Aidan Strangeman: Horsey
Superior musical comedy from the heart
This article is from 2015.
Aidan Strangeman starts off delightfully though conventionally with comedic songs about his Irish Catholic upbringing, his lack of success in romance and his musical ambition. He gets plenty mileage from the image of the singer-songwriter who turns the pain of unrequited love into minor-chord hits. But the greatest emotional drive for his music comes from the everyday heartbreak of working at a marriage and raising children, of a wife with a sleep disorder, two daughters with autism, the psychological legacy of a religious upbringing, and that Tom Waits has already written a song named after his wife.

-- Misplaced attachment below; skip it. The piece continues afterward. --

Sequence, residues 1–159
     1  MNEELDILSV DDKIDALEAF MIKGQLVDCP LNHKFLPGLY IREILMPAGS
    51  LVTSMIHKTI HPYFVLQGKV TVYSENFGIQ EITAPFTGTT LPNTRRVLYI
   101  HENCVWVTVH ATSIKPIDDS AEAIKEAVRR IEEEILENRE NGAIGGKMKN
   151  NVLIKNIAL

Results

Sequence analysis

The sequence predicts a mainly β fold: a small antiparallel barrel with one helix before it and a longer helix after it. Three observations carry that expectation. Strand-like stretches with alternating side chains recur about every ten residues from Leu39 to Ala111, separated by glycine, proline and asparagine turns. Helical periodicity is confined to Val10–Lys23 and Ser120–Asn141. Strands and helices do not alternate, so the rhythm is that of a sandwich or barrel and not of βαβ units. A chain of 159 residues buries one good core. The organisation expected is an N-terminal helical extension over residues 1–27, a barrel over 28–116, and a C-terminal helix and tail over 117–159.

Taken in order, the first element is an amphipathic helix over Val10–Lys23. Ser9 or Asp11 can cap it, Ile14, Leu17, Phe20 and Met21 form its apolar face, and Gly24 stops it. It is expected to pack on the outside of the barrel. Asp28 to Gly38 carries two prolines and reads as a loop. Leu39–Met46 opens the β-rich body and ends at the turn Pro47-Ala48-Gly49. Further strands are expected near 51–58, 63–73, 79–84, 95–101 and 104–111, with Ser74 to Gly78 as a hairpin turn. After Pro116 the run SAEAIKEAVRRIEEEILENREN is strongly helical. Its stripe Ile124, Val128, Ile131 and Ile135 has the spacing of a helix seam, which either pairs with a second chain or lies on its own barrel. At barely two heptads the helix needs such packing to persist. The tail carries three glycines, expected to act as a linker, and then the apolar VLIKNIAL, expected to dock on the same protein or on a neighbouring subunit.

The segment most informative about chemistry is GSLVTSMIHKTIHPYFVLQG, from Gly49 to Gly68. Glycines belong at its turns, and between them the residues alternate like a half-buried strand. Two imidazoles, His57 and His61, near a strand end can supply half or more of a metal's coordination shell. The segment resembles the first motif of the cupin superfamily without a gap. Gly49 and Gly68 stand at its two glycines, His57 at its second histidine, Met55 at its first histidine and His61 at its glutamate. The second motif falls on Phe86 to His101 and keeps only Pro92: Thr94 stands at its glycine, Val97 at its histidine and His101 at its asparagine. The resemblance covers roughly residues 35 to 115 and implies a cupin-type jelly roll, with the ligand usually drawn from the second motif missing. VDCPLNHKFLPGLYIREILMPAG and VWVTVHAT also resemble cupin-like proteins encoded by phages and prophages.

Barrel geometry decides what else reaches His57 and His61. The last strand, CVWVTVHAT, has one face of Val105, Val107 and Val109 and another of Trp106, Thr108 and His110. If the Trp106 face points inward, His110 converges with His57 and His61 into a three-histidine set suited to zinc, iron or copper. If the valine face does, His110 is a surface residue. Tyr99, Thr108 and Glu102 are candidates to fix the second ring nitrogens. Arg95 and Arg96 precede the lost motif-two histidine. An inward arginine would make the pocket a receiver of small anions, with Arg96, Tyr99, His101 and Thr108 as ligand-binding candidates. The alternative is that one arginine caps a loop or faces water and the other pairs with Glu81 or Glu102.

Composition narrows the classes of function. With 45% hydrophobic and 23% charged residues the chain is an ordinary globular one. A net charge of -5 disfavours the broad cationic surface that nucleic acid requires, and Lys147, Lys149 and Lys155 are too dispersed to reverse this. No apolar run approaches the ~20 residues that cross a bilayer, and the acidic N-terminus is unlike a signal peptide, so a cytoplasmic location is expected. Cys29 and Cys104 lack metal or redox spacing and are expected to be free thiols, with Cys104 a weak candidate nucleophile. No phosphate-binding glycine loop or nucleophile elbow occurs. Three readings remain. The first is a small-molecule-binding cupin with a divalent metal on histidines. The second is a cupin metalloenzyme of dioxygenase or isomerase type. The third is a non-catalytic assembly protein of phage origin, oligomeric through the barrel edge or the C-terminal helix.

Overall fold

It’s this emotional depth that separates Strangeman from other musical comedy shows, as much as it is the quality of each song, his mesmerising voice or the way he knits it all together into a cohesive whole, playing the audience like a fiddle.
Strangeman won So You Think You’re Funny? in 2014. This year he has returned with a work of superlative musical comedy that is both moving and hilarious. He deserves his tiny venue to be full every day and, at the end of the show, offers a compelling reason why he needs to make his fortune. It would be a mistake not to comply.
Gilded Balloon, 622 6552, until 31 Aug, 5.30pm, £9–£10 (£8–£9).